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5 home decor tips you and your guests will love

Tired of that dated kitchen counter? Looking to add oomph to your dining room? Now that summer 2011 is entering its twilight, why not get a jump on fall decorating season by thinking about ways to improve your home with ease. As a pair of top design pros tell Globe Style, simple yet strategic interventions - a new lighting fixture or faucet, a dramatic hallway revamp - can yield a surprising amount of impact

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1. Divide and conquer To jazz up a lacklustre dining room containing a less-than-exciting matching suite, ditch the chairs that came with the table in favour of contrasting-yet-complementary ones, residential designer Sabrina Linn (www.sabrinalinn.com) says. Simpatico pairings include chocolate leather highbacks with a lighter oak table, ornate Queen Annes with a modern mirrored table or funky round-backed chairs with a rustic walnut one. If the table is long and rectangular, install two armchairs or wingbacks at either end for yet more contrast. And if the room is devoid of a rug, install a sisal, seagrass or sexy silk one to corral the whole vignette.

Tonwen Jones/Tonwen Jones/Colagene

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2. Lose the edge That elaborately curvy kitchen counter or island with fussy edges may have suggested a customized look to the previous owners of your home, Toronto-based Linn says, but such details can now look horribly dated. To both update your kitchen and give it a timeless appeal, she advises, replace any snaky, curved, carved or otherwise ornate counter- and island tops with cleanly stylish square-edged versions.

Tonwen Jones/Tonwen Jones/Colagene

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3. Be a cut up Are you in the dark about how to brighten up a long, poorly lit hallway? To allow more light into the space, replace any standard interior doors with ones that have etched-glass inserts, which will offer complete privacy yet allow light to pour into the hall from other rooms, Toronto decorating expert and TV personality Karl Lohnes says. Moreover, he adds, hang or lean large floor mirrors along the wall across from the doors; this will visually widen the hallway, creating an airy effect and bouncing light around. Finally, visually shorten the hall by installing two to three small rugs instead of one long runner, hanging a series of overhead lighting fixtures and choosing a paint colour that is similar in tone to the flooring – when the walls and floor share similar tones, the space looks less delineated.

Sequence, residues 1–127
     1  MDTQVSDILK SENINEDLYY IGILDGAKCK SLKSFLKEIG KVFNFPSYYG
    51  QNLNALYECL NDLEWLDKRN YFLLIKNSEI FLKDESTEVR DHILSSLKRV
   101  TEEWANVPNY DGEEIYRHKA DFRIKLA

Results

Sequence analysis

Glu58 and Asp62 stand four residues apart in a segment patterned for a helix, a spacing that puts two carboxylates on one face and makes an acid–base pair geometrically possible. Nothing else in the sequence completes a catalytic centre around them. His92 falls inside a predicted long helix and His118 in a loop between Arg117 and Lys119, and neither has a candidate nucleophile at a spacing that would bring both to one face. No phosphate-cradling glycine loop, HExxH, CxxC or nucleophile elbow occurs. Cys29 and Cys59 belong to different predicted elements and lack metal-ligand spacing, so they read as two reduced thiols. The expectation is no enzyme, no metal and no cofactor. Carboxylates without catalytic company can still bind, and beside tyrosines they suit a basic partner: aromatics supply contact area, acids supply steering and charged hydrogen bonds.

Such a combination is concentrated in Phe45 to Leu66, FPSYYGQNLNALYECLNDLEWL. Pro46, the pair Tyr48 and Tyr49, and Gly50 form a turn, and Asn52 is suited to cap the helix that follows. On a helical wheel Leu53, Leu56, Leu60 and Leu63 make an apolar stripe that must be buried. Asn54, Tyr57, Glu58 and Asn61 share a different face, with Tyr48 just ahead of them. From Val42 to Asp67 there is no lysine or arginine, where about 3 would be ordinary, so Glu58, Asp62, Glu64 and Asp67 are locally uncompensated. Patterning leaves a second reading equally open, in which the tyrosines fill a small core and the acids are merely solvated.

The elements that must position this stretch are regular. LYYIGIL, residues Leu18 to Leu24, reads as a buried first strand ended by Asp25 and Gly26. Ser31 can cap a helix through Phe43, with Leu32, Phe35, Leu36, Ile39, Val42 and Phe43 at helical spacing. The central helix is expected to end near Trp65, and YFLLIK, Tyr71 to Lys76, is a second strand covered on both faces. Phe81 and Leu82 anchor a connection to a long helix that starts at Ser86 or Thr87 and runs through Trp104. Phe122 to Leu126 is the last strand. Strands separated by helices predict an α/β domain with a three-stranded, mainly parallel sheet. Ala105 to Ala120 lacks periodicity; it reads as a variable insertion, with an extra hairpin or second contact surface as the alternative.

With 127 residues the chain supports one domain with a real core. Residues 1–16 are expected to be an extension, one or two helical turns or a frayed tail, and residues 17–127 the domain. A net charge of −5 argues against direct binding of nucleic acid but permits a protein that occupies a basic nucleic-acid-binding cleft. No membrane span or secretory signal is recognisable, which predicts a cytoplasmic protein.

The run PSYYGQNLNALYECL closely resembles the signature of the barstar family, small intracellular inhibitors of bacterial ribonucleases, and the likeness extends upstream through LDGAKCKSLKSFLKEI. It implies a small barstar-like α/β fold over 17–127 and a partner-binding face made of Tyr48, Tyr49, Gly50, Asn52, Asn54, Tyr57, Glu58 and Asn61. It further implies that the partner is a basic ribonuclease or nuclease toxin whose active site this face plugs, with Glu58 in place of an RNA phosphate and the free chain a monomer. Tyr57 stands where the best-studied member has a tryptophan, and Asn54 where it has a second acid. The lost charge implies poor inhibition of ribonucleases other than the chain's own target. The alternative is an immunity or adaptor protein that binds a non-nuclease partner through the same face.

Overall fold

Tonwen Jones/Tonwen Jones/Colagene

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4. Aim high Too often, Linn says, homeowners install inadequate overhead lighting, whether it’s bad track lighting in a living room or kitchen or a meagre-looking hanging lamp in a bedroom or den. In all four cases, a dramatic chandelier, whether ornate or contemporary, is guaranteed to enliven, creating a focal point for the eye as well as better illumination. (And don’t forget to install a dimmer with it.)

Tonwen Jones/Tonwen Jones/Colagene

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5. Play (with) taps If you’re happy with your countertops but your kitchen still lacks elegance, try replacing faucets, cabinet pulls or backsplashes for new and instant pizzazz, Lohnes says. Regarding pulls and knobs, choose oiled bronze hardware for a casual look or polished black ones if you want a modern feel. In terms of faucets, gooseneck varieties are still popular, but go with a sharply angled or geometric one for a contemporary effect. And when it comes to backsplashes, connect the upper and lower cabinets with one in a contrasting yet complementary tone: A tiny tumbled-stone subway tile will help achieve a casual look, whereas a large-scale, high-gloss glass tile has a more modern feel.

Tonwen Jones/Tonwen Jones/Colagene

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